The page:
By Dennis Crouch
In re Owens (Fed. Cir. 2013) (decision pending)
In 2006, P&G obtained a design patent for its Crest brand mouthwash bottle. D531,515. Before that patent issued, the company filed a continuation application and eventually amended the drawings to use ghost-lines (dashed lines) for most of the bottle design and solid design lines for only a small portion of the bottle surface.
In the figures below, the drawing on the left is the design drawing originally filed in the specification and issued in the D'515 patent. The drawing on the right is found in the continuation and the subject of this appeal. In design patents, the drawings are of critical importance because the single allowable design patent claim typically ties the scope of enforceable right to the drawings. Here, for instance, in the D'515 design patent P&G claims "the ornamental design for a bottle, as shown and described."
Now, for claim purposes, ghosted lines have essentially no meaning and are given no weight. Thus, the continuation below claims a portion of the bottle base. The focus of the litigation is on the front portion of the bottle that previously claimed an inverted irregular pentagon and now appears to be limited to only the upper portion of that pentagon in a roughly trapezoidal shape. The base of the trapezoid is ghosted, but the drawing does claim the surface up to the ghosted line. In the photo of the Crest bottle to the right, you can see the inverted pentagon design is created by a label sticker.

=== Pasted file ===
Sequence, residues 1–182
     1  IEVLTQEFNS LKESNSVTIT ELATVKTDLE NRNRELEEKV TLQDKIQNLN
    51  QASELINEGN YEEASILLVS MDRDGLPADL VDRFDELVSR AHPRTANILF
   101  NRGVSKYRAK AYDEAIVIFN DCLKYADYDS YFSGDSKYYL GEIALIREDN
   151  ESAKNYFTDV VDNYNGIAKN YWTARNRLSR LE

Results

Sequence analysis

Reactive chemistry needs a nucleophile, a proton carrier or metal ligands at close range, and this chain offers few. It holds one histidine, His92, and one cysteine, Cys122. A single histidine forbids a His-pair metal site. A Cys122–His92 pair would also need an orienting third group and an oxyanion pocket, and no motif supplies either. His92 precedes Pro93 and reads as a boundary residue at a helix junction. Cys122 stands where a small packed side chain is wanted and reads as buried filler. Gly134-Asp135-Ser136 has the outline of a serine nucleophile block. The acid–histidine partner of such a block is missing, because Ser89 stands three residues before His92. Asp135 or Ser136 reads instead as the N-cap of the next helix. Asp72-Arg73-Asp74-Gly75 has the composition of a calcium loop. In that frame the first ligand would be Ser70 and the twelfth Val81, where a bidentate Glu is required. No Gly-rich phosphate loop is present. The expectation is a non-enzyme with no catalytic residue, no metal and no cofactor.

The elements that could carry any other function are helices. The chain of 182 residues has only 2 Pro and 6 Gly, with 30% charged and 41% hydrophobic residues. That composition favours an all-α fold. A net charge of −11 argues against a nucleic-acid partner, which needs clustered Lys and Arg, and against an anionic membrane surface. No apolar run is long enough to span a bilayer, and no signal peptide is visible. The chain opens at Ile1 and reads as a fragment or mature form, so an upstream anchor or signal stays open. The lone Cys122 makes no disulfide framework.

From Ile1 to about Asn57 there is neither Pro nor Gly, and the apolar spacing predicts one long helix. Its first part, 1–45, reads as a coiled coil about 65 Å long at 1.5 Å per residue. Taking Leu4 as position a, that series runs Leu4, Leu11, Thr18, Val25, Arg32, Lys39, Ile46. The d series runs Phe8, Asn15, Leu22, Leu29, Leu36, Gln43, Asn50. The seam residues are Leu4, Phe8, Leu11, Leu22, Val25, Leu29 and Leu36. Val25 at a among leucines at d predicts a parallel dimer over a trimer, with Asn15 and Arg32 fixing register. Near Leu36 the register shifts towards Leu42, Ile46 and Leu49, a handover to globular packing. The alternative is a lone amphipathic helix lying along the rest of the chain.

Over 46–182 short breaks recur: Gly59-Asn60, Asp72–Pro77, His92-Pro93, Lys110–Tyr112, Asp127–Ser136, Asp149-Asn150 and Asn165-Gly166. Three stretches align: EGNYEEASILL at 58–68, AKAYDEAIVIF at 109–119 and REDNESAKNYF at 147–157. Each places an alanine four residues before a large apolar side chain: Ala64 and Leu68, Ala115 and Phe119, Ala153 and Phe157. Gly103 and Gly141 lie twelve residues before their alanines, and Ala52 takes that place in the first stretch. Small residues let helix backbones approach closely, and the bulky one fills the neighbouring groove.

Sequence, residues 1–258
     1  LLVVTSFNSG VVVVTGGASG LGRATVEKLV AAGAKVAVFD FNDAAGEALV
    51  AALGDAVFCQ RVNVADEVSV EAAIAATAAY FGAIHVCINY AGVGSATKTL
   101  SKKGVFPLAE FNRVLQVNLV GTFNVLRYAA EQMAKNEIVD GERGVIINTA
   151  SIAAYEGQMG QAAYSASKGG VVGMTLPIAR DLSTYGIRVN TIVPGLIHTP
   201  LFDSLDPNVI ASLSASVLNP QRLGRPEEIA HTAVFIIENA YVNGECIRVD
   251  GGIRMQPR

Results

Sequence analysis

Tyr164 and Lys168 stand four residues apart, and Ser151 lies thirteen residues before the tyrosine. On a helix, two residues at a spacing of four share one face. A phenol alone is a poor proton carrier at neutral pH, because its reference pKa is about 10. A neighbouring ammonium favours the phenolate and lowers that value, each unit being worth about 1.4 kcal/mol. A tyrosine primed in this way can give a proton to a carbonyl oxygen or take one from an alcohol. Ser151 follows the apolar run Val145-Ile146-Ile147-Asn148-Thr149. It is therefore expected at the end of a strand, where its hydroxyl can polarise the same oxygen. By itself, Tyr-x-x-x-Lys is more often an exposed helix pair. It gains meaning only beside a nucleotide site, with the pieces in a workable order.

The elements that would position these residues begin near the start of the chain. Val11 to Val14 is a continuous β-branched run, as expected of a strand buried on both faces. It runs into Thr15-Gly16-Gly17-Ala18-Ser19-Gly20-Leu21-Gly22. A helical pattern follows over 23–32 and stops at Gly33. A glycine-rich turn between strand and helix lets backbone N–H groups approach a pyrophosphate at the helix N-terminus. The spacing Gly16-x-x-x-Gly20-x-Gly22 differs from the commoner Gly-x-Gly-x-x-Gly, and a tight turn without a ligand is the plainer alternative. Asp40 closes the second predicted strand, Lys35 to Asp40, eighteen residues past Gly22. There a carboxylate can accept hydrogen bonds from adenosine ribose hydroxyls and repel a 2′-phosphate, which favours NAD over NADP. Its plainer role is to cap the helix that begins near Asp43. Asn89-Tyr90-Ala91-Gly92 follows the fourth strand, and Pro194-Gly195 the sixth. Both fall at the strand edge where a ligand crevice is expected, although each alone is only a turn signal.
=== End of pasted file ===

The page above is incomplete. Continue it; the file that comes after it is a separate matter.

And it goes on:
During prosecution, the PTO rejected P&G's continuation application -- concluding that the new claim (as shown in the drawing) did not satisfy the written description requirement of 35 U.S.C. § 112(a). In other words, it is not apparent from the originally filed specification that that the inventor was at that time in possession of the invention as now claimed. P&G's argument is that the area being claimed was already disclosed in the original application and that is literally true. The PTO responds, however, that the original application did disclose a break-point for the trapezoidal area now being claimed. In other words, nothing in the original application indicates that the portion now claimed could itself be a design. The PTO has proposed a rule it feels is administrable: applicants can amend claims by "ghosting" solid lines and vice-versa, but applicants cannot further partition areas or define new portions without running afoul of the written description requirement.
Design patents are largely governed by the same rules as utility patents. This is often unfortunate because the policy goals supporting many of the (utility) patent rules do not map well to the world of design rights. Designs are, for the most part, being used as an additional layer of trademark (trade dress) protection rather than as an incentive to invest in the invention of new designs. This case fits that mold well. But, it is the patent laws that we follow.